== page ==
4 Must-Know Facts About Immunity To COVID-19

by Kroger Health Staff

Last Updated: May 13, 2020

While the urgent quest for a COVID-19 vaccine continues, other scientists are researching the antibody response to the virus. Immunity is now seen as an end-point to the pandemic, but having antibodies is not necessarily the same as being immune to the virus. Here are four things to know about antibodies and potential immunity to COVID-19:
  1. We don’t know how long COVID-19 antibodies last.
    Most people infected with COVID-19 develop antibodies in response to the infection. An antibody test is a blood test that will detect a type of protein that shows a patient’s immune system has fought COVID-19 in the past and could be developing immunity. But scientists don’t know if the antibodies will last a lifetime, years or just a few months. If COVID-19 antibodies are similar to the measles, immunity could last a lifetime, but if they mimic antibodies for the common cold, the disease could return repeatedly throughout one’s life.
  2. Not all antibodies protect against re-infection.
    Some antibodies protect our bodies, and others enhance the disease and make the illness worse. Early studies suggest that COVID-19 triggers the type of antibodies that protect against future infections, but more research is needed.
  3. Antibody tests can deliver false positives.
    A false positive means that the test mistakenly signaled antibodies in someone who doesn’t have them. On the other hand, false negatives lead people to believe they don’t have antibodies when they truly do. While there are many tests out there, the FDA has only approved a small number, and accuracy of others may not be known. Americans are hoping to end their lockdowns by taking the antibody tests, and public health experts are wondering if those shown to have antibodies might be allowed to return to work. But if the tests aren’t accurate, these tactics are doomed to fail.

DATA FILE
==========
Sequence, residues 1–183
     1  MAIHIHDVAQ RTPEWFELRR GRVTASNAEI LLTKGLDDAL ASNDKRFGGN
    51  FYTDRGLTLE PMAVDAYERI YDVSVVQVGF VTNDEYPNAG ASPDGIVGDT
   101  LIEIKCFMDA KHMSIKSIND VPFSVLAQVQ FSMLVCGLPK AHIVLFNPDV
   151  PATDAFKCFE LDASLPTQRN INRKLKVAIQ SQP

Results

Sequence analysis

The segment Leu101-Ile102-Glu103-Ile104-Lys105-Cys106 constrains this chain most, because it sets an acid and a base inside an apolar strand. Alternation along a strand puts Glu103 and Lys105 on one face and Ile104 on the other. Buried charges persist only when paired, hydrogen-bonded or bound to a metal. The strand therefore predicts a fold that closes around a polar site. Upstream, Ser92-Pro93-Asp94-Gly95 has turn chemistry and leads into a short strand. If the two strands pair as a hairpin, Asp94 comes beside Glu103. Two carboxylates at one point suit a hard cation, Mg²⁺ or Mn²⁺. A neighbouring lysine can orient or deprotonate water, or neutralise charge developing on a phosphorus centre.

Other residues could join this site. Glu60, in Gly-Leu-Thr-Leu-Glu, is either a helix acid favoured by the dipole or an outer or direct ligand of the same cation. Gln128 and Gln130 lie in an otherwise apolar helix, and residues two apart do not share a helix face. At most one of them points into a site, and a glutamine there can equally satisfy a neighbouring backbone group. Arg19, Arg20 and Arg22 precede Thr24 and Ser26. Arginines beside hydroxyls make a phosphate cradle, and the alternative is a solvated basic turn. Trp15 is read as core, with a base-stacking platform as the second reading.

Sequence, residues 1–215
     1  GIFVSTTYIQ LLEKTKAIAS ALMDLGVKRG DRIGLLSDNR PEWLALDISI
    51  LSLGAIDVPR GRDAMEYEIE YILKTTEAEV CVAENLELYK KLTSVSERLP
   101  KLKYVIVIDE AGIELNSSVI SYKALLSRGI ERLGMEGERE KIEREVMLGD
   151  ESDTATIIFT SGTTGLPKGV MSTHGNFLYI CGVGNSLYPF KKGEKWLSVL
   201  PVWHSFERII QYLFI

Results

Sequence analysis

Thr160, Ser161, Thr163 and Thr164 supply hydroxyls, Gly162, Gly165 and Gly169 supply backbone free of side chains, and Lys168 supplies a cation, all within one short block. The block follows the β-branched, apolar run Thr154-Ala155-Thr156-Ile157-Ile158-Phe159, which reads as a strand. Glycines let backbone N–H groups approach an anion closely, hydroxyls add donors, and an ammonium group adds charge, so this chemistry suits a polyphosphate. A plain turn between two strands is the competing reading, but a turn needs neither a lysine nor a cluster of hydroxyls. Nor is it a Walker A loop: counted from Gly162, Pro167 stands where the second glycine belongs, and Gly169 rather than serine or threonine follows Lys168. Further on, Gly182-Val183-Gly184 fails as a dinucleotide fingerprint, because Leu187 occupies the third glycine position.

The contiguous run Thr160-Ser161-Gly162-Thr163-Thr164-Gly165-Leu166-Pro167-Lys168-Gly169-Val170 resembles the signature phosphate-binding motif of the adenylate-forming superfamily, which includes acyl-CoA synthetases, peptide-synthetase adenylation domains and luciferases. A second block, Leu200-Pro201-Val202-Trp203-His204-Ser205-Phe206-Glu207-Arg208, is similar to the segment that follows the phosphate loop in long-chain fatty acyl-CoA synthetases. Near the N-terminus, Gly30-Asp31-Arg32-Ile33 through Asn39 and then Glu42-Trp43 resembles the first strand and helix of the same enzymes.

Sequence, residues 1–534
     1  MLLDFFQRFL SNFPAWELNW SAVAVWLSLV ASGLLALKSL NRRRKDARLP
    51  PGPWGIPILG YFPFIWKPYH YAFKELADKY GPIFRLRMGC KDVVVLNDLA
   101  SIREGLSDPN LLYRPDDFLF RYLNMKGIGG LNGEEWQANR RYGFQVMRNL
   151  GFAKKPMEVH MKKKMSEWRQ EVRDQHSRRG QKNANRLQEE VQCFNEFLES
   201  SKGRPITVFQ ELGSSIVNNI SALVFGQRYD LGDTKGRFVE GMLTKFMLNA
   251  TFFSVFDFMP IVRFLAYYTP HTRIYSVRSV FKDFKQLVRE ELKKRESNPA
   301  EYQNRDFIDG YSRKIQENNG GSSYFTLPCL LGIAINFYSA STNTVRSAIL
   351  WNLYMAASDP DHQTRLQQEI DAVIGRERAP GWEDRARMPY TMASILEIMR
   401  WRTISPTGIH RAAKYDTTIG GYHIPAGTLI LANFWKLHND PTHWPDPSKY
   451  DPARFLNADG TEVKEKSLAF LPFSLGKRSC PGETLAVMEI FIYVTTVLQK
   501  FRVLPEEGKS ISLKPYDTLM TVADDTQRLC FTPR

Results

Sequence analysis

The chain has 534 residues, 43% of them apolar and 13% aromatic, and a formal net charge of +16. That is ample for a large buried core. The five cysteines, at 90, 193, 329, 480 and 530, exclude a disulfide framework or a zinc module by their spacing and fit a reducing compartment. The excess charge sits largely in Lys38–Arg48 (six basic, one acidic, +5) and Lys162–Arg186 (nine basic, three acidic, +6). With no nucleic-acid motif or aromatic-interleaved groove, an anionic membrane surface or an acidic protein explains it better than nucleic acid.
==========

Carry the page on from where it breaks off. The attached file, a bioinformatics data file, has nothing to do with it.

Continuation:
4. It will take time before we have a definite answer about immunity.
    Researchers need time to track to know if immunity exists, how long it may last, and if people can still spread the virus after they have recovered from COVID. Many studies are ongoing and will continue, but unfortunately these results will take time.

Antibody tests with FDA approval are slowly becoming available across the country. Contact your healthcare provider for more information, and monitor CDC resources for the latest information.

Disclaimer: The information in this story is accurate as of its publication. However, the situation surrounding COVID-19 is ever-evolving. We are working to keep our stories up-to-date as changes occur, but we also encourage everyone to check news and recommendations from the CDC, WHO, and their local authorities.